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Promised Land 

Sweet Land

Sweet Land is one of those feisty little independent films whose whole is greater than the sum of its parts. With its deliberate pace, minimal dialogue (half of it in foreign tongues sans subtitles) and rather simple plotting, writer/director Ali Selim's debut effort doesn't seem like much at first glance -- until the film sinks in hours later.

It's then that the images of rural Minnesota -- with its waves of grain, rolling hills and endless skies -- take hold. It's about the same time that the endless stares shared between the two immigrant lovers feel like the courtship dance it most assuredly is. Elizabeth Reaser (as the German Inge) and Tim Guinee (as the Norwegian Olaf) are known mostly to TV audiences, and their characters spend much of the movie trying to find some kind of middle ground in their broken English. And yet it's their characters' complete inability to take their eyes off each other that provides most of the film's power beyond all those wondrous landscapes.

The plot is simple enough. Inge has crash-landed in the rural immigrant village as a mail-order bride to Olaf, who thought he'd gotten a fellow Norwegian but instead gets a German at the height of World War I paranoia about "the enemy" on home soil. Olaf isn't the only one who's bummed; her arrival also raises the suspicions of the local cleric (John Heard), who fears the German and the cultural baggage she brings with her. (Who knew Germans were considered such a bad influence?)

Inge's timing couldn't be worse, because Olaf has his hands full, not just with his own harvest-season issues but also those of his best friend and neighbor, Frandsen (Alan Cumming). Frandsen's better at having children with his wife (Alex Kingston) than he is at farming, and sooner or later his failings are going to affect his friend, who'd really prefer just to live a simple life.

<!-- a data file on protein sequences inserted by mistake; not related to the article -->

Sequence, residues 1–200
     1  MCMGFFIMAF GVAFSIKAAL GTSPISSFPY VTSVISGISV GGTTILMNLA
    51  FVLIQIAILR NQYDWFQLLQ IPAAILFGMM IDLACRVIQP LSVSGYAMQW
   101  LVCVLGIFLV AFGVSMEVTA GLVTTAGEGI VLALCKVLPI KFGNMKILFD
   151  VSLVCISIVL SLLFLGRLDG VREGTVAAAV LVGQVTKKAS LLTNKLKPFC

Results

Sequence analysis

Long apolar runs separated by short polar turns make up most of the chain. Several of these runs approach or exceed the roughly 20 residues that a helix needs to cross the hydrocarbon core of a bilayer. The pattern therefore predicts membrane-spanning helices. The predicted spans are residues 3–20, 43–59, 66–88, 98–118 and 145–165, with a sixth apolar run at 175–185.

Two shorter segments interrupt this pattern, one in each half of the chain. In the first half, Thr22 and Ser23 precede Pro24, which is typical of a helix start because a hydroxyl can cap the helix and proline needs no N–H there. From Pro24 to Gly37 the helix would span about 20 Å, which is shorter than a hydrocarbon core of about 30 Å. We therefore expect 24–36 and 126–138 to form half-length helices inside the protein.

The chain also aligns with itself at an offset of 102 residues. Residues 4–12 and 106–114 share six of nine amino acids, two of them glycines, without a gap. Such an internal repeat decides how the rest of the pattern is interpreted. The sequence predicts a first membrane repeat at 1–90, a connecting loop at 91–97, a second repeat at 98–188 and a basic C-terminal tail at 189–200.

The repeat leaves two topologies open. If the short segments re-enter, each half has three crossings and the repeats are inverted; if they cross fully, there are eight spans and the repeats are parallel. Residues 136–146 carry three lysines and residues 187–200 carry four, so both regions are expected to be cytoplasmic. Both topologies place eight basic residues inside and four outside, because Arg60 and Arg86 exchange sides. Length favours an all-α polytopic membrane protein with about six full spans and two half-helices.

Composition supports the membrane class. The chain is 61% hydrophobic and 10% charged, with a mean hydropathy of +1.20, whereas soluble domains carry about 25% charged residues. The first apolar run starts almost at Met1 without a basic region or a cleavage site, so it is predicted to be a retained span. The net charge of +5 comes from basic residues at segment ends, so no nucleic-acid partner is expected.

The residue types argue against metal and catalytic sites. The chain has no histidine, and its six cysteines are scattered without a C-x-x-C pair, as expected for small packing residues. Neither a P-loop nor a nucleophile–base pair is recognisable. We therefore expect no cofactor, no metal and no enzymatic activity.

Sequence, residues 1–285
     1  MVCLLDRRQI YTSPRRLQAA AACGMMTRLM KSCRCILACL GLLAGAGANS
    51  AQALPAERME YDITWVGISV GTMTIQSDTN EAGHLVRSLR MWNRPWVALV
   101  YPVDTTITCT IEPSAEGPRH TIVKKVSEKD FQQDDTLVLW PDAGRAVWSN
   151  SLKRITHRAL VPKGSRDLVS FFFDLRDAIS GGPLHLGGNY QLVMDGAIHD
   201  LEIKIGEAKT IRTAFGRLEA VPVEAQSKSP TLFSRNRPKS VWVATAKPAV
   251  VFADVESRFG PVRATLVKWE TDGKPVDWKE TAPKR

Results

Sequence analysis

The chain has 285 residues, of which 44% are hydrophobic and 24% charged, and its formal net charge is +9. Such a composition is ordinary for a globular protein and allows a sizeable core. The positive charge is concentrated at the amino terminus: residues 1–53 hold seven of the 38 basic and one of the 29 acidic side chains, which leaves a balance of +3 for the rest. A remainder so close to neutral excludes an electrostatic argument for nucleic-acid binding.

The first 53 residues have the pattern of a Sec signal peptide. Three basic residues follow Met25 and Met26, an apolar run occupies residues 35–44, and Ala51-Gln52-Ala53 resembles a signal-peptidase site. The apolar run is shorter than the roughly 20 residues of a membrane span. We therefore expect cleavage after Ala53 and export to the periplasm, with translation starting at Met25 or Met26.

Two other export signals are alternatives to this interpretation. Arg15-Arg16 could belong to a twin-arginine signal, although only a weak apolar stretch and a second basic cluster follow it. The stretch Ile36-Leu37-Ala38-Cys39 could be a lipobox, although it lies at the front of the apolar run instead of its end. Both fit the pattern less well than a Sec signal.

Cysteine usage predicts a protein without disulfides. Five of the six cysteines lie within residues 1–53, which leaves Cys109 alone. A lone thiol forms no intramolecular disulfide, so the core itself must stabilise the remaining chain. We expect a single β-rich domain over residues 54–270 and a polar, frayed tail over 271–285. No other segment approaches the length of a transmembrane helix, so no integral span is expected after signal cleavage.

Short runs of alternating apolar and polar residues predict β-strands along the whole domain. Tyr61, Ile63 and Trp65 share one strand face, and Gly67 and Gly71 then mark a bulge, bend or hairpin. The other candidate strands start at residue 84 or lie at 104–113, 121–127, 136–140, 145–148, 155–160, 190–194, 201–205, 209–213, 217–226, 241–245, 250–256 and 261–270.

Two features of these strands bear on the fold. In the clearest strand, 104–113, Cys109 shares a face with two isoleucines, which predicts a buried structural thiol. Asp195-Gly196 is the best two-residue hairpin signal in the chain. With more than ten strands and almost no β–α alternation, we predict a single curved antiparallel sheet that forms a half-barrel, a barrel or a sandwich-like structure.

But there stands Inge who, as played by Reaser, just keeps staring at Olaf, waiting for a signal. Deceptively feisty, Inge shows her temper only when she feels wronged, and spends just as much time trying to figure out Olaf as she does this strange new country.

Sweet Land is populated with just enough familiar character actors (Heard, Cumming, Ned Beatty, Paul Sand) to feel recognizable, but it's clear whom Selim sees as his stars. He has a gift for creating distance -- in the depth of his landscapes, and the spaces between his lovers, and much of the charm is watching Olaf and Inge awkwardly close those spaces.

There are minor quibbles, including a needless flashback device that feels like a nod to the original source material of Will Weaver's short story "A Gravestone Made of Wheat." And as beautiful as she may be, Reaser -- who with her pure porcelain skin and bacon strips of auburn hair looks like a cross between Juliet Binoche and Julia Roberts -- gets an inordinate amount of close-up time. Still, you get the point: This is a woman not to be ignored.

Reaser and Selim both scored Independent Spirit Award nominations for their work, and that's no coincidence, for, like the movie they made, they appreciate the little things.

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